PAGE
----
“My goal is for students to engage more fully with the music they perform by learning about its context and connecting it to other areas of their intellectual and emotional lives,” Wittstruck said. “With Faune, I wanted them to read Mallarmé’s poem, but also have a chance to digest it and discuss it through a cultural and historical framework.

“Though depicted obliquely through beautiful-sounding Symbolist text, the faun’s first-person narration, in which he dreams about a non-consensual sexual encounter with two young girls, invokes some uncomfortable realities for 21st-century audiences. This raises issues and ideas for our campus that extend well beyond one concert, and rather than ignore them, or opt not to perform this music, I think we have an opportunity to connect people to ideas and conversation in a powerful and healthy way,” said Wittstruck.

Philharmonia students, as well as Stanford Symphony Orchestra students and anybody planning to attend the Nov. 12 concert, are encouraged to attend the discussion to learn more about Mallarmé’s poem and the Berlioz songs and to hear guest Kindra Scharich sing two songs from Les nuits d’été.

Debut to drumroll

The second piece in the concert program, González’s Concerto da Camera, is a world premiere that is a collaboration with another group of musicians.

González is the principal clarinetist with San Francisco Opera and frequent composer for Ensemble SF. This new piece is a performance collaboration with guests from Ensemble SF; Rebecca Jackson, violin; Jonah Kim, cello; and ensemble co-founder and Stanford alumna Christine McLeavey.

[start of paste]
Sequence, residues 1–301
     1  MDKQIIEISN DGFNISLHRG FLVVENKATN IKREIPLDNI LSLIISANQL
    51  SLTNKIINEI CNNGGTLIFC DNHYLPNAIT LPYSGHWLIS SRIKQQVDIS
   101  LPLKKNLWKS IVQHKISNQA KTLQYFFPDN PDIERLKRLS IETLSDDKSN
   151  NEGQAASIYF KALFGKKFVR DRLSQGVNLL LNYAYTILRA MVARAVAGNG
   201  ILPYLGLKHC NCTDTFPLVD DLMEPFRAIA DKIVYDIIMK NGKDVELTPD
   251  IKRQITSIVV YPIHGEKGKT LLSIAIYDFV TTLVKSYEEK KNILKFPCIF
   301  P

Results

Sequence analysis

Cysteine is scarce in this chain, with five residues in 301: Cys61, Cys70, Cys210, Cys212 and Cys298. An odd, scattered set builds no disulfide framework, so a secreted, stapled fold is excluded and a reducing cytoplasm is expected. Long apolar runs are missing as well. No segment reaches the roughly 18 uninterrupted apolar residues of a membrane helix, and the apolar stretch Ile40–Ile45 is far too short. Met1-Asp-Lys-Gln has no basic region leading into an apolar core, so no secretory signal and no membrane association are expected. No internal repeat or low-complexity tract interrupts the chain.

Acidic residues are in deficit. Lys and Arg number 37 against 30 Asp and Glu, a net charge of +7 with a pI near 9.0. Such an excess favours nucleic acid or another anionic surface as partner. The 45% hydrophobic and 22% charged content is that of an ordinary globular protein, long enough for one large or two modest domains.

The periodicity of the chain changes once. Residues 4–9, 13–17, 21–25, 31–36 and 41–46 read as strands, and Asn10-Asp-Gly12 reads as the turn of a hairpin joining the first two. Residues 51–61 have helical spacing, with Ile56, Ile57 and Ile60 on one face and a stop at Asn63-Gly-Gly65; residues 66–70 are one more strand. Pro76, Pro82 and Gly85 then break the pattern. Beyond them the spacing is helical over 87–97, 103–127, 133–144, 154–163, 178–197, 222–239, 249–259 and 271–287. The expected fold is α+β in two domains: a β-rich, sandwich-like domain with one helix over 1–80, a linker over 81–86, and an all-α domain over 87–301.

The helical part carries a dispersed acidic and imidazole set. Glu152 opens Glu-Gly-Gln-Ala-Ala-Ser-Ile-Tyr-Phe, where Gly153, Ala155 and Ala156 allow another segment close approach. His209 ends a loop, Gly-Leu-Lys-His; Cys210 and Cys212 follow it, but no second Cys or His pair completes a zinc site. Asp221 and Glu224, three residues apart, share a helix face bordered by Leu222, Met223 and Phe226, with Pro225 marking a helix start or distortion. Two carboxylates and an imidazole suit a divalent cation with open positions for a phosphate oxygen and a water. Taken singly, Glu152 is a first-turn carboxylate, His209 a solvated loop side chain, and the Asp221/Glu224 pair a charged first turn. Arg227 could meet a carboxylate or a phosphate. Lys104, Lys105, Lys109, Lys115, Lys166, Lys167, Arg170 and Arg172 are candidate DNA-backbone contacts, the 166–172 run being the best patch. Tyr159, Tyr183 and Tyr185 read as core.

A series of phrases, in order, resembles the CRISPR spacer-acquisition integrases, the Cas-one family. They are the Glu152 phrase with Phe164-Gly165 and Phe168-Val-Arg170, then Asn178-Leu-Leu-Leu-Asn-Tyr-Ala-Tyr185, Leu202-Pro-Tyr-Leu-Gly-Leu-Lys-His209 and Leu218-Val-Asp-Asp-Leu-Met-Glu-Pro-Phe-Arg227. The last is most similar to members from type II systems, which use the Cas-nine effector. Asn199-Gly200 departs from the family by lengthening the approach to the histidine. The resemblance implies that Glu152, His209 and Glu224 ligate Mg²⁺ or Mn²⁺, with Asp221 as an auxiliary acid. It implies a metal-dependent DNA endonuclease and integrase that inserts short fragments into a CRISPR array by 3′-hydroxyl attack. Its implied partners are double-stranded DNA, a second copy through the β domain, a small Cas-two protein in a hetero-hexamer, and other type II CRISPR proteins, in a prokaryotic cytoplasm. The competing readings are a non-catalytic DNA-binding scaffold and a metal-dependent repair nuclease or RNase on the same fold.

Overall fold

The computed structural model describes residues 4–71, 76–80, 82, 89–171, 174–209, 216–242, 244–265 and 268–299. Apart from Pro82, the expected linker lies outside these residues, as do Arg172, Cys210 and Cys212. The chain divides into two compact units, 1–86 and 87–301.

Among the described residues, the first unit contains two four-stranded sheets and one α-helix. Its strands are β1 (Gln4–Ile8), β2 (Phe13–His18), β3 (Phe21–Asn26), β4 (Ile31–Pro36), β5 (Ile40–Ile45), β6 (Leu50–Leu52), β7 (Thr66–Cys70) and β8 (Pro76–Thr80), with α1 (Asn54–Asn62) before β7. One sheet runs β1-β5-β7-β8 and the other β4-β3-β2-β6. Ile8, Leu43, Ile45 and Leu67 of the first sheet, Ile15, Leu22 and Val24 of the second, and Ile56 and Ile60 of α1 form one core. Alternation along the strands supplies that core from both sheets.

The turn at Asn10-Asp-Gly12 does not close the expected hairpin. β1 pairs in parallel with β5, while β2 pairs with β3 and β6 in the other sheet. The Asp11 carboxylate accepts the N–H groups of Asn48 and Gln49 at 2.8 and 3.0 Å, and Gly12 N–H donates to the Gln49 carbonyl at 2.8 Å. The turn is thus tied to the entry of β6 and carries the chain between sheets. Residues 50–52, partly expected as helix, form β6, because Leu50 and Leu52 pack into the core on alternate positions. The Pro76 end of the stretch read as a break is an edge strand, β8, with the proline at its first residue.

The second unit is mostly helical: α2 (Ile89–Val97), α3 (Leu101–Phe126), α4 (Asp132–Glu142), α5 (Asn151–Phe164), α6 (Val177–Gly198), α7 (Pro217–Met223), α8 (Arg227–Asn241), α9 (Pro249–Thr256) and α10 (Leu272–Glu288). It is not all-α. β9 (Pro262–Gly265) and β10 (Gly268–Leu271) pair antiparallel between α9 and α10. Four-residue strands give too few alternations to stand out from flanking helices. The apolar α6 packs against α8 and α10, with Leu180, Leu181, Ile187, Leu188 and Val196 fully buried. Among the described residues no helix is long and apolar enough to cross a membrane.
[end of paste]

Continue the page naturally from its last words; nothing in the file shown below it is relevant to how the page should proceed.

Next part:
Camera was commissioned by alumnus David Kaun and dedicated to the Hungarian-born composer and conductor Sandor Salgo, who taught and conducted the music and opera programs at Stanford from 1949-1973.

Kaun, who played in the Stanford orchestra under Salgo and is now a professor of economics at the University of California, Santa Cruz, recalls Salgo fondly. “He was a superb conductor, but not easy.” Kaun’s most vivid memory of Salgo is not one of the maestro with his baton, but rather the man dancing with his young daughter in the Stanford Shopping Center courtyard.

Wittstruck said she loves opportunities to collaborate with guest artists because the energy and musical expertise they bring to the room is infectious and they make a lasting impact on orchestra students. “It is particularly exciting to work with a living composer. When we have a question, I say, ‘Let’s ask José!’ It’s not like you can do that when you’re playing Mozart,” she said.

French horn player David Simpson, who is finishing postdoctoral research in lung cancer at the School of Medicine, also appreciates the accessibility of the composer. “We are always trying to get in the head of the composer,” he said. “The advantage of working with a living composer is that we can directly interact with them and know exactly what they want, and often it can be something different than what we can infer from the printed music alone.”

Alas, Maurice Ravel is not around for Simpson.

Pavane pour une infante défunte is a notorious challenge for horn players because it features solo passages that are delicate, exposed, in an uncomfortably high register, and must be played softly. It is like performing a high wire act above the orchestra that is graceful while you are constantly aware there is no net. Horn players know to expect to play this under pressure as an excerpt in most high horn auditions,” said Simpson.

This concert is an opportunity to feature orchestra players like Simpson and Sanborn but also to collaborate with great artists from the community. The winter concert scheduled for Feb. 11 in Bing Concert Hall includes Wolfgang Amadeus Mozart’s Piano Concerto no. 24 in C Minor and Franz Joseph Haydn’s Symphony no. 103 in E-flat Major, “Drumroll.”